The biggest part of Big Sean's rise over the past year has been the unwavering support of his fans. While he's signed to a major label (Def Jam) and one of the brightest stars on Kanye West's G.O.O.D. Music imprint, it was those fans mobbing him at the Adidas store in New York and superstar supporters like [article id="1659662"]Chris Brown[/article] and [article id="1673664"]Nicki Minaj[/article] hopping on his debut album, Finally Famous, that propelled Sean to #9 on MTV News' Hottest MCs in the Game VII — his first appearance on the list.
Big Sean hit the scene out of Detroit's west side as Kanye's newest protégé with 2007's Finally Famous: The Mixtape. For the next three years, he would release two more volumes in the Finally Famous mixtape series — UKNOWBIGSEAN and BIG — and make the coveted [article id="1632863"]XXL Freshmen cover[/article], all the while promising his debut album was coming soon.
That album, however, seemed like it would never see the light of day. Even when Def Jam gave Sean a September 14, 2010, release date, they eventually pushed it back fearing the album wouldn't perform.
"This is an artist who kind of had to fight with his label to get this album out," MTV News producer Steven Roberts said during our Hottest MCs roundtable debate. "I think it was a great thing that as soon as he put out this album, they saw that there was a fanbase there."
The Detroit MC's buzz is very real. He steadily built a huge following that transcended the average Web sensation. He also met the other Hottest criteria by clocking impressive sales numbers, having a sustainable impact on the streets, displaying unique style and spitting some pretty impressive lyrics. Then, of course, there are the intangibles. Sean was able to go into places like Atlanta (a city filled with eccentric rap talent like Travis Porter and Roscoe Dash) and the image-conscious Los Angeles and find out what works for them and make it fit him. He was also able to tag along with another [article id="1632863"]famous fan of his, Wiz Khalifa[/article], to tap into the Pittsburgh MC's sizable Taylor Gang following.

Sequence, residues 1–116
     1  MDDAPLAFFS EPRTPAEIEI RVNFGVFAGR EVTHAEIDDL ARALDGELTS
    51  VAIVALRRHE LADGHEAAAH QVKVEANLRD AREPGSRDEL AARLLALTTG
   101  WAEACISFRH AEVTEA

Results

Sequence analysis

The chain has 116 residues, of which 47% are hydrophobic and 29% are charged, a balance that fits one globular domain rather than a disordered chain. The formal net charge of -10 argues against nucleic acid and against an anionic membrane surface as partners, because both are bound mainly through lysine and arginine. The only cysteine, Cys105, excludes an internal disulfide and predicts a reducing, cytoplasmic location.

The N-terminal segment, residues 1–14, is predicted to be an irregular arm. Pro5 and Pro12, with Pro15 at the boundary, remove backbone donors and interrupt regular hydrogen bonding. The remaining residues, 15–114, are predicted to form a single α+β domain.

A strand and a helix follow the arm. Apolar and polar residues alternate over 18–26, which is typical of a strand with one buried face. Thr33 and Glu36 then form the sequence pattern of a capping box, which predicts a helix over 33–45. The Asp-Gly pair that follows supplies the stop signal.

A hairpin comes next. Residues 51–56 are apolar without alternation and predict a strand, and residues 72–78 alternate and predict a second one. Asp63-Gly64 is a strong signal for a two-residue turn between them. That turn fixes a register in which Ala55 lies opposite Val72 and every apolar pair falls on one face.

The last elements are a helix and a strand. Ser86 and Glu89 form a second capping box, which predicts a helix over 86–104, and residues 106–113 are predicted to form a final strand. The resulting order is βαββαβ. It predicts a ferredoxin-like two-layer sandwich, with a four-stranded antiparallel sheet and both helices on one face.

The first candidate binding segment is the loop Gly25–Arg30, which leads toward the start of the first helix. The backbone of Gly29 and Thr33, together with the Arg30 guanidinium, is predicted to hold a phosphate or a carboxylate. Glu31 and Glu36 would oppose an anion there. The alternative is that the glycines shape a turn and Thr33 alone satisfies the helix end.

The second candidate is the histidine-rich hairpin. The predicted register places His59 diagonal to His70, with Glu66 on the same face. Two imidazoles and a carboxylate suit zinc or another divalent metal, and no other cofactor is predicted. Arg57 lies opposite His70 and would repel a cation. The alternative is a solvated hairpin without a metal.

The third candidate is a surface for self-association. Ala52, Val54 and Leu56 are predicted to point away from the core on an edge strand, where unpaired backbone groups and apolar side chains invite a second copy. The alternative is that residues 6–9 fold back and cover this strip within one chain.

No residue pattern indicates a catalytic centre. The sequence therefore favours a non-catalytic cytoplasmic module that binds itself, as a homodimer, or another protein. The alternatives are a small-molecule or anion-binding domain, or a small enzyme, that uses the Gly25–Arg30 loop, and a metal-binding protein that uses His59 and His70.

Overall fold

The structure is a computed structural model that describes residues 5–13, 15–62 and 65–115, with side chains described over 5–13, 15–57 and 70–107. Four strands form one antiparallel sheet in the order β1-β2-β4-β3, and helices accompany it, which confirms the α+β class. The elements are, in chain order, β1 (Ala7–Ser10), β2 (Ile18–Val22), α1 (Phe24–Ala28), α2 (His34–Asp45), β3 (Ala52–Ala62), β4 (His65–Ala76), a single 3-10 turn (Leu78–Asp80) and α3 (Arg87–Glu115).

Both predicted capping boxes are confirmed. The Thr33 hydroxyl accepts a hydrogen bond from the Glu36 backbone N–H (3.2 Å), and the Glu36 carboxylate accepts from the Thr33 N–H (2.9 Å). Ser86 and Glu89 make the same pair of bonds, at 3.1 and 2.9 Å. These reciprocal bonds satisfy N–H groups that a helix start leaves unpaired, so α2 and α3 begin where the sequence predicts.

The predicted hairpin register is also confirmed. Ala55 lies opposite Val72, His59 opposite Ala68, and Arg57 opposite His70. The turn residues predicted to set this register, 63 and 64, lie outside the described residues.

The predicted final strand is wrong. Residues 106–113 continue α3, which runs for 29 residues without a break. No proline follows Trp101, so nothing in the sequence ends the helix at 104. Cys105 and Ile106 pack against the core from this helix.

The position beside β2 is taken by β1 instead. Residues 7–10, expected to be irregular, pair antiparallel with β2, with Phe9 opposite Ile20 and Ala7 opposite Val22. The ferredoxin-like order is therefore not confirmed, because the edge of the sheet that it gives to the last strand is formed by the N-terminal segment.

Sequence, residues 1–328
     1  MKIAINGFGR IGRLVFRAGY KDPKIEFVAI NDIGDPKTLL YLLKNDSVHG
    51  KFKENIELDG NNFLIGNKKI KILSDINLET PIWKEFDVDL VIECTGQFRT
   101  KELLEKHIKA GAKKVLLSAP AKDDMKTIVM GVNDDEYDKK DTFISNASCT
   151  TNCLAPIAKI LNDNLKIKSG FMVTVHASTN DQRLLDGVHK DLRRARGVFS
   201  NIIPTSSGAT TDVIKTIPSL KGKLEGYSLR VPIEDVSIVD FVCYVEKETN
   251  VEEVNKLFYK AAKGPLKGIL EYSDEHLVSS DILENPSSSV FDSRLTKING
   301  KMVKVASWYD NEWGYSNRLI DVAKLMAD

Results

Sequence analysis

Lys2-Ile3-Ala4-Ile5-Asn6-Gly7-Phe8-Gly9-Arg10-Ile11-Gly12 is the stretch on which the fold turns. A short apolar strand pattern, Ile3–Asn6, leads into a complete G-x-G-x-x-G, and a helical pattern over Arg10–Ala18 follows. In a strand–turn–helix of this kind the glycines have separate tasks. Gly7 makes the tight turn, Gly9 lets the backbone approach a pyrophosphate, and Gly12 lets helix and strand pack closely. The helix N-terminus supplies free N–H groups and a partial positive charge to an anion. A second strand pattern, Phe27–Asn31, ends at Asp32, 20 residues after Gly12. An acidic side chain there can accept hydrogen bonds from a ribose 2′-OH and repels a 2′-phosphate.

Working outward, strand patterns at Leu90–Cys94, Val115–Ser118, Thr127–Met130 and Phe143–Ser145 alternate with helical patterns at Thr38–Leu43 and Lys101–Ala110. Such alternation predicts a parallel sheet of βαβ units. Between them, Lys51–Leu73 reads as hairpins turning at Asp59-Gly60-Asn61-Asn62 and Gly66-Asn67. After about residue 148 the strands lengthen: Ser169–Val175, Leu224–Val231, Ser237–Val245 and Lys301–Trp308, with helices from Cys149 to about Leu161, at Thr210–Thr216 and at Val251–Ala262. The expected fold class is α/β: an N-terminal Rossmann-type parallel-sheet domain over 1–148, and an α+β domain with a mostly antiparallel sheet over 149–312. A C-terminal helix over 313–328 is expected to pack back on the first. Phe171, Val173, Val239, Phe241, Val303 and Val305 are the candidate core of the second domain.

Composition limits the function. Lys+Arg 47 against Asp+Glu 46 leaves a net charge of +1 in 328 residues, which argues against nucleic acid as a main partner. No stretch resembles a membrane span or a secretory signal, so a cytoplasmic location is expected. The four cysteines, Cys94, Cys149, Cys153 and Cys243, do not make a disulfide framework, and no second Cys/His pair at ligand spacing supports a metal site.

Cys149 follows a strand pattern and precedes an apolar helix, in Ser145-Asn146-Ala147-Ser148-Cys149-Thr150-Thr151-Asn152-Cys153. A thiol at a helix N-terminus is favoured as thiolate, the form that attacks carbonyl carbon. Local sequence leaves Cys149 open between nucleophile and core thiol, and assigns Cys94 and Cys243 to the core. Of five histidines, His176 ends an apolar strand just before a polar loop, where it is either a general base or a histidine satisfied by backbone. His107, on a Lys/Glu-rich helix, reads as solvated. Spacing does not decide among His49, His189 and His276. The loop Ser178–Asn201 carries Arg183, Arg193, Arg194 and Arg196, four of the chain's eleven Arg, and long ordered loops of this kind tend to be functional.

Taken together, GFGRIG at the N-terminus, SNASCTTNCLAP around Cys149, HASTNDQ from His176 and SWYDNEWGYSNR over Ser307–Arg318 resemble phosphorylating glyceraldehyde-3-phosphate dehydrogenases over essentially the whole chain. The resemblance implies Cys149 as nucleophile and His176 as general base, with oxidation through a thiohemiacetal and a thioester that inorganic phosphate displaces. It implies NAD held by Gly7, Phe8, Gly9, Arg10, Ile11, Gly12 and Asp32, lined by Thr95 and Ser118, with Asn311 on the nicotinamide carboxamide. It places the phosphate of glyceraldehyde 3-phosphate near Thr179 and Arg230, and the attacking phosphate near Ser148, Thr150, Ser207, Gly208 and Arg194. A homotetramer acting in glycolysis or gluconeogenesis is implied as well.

And while Kanye West was in the midst of the creative streak of three lifetimes, Sean's sound further evolved alongside producer No I.D. The two worked together closely on Finally Famous, with I.D.'s tried-and-true formula oddly complementing Sean's ever-changing, still-maturing flow.
"Sean did an amazing thing being on G.O.O.D. Music. How do you shine next to Kanye West who takes all the attention?" MTV News' senior hip-hop writer Rob Markman questioned, citing Yeezy's reclusive nature throughout the year. "We haven't seen Kanye West out there like that, and Sean was out there, so arguably maybe he shines brighter throughout the duration of the year than Kanye West."
With Finally Famous, Sean was able to score four hit records with the viral "I Do It," the Breezy-laced "My Last," a #1 song with 'Ye in "Marvin & Chardonnay" and the percolating ode to the Detroit house scene, the "Dance (A$$)" remix with Nicki Minaj. These tracks could easily be dismissed as products of the label machine, but all of these people — from West to Brown — are fans of Big Sean Don and what he does. They were recruited by Sean or personally reached out to him to collaborate.
It was truly a Cinderella story. "He was like the underdog that made it to the finals," MTV News hip-hop director Rahman Dukes pointed out. "He really did his thing."
But nothing is locked on the Hottest MCs in the Game debate — stick with MTV News all week to find out who winds up in the top 10!
Tune in to MTV2 on Sunday, February 19, at 10 p.m. ET/PT to catch "MTV2 Presents: Yo! MTV Raps Classic Cuts," then watch "Hottest MCs in the Game VII" immediately after at 10:30 p.m. ET/PT before capping the night off with "Sucker Free Certified" at 11 p.m. ET/PT.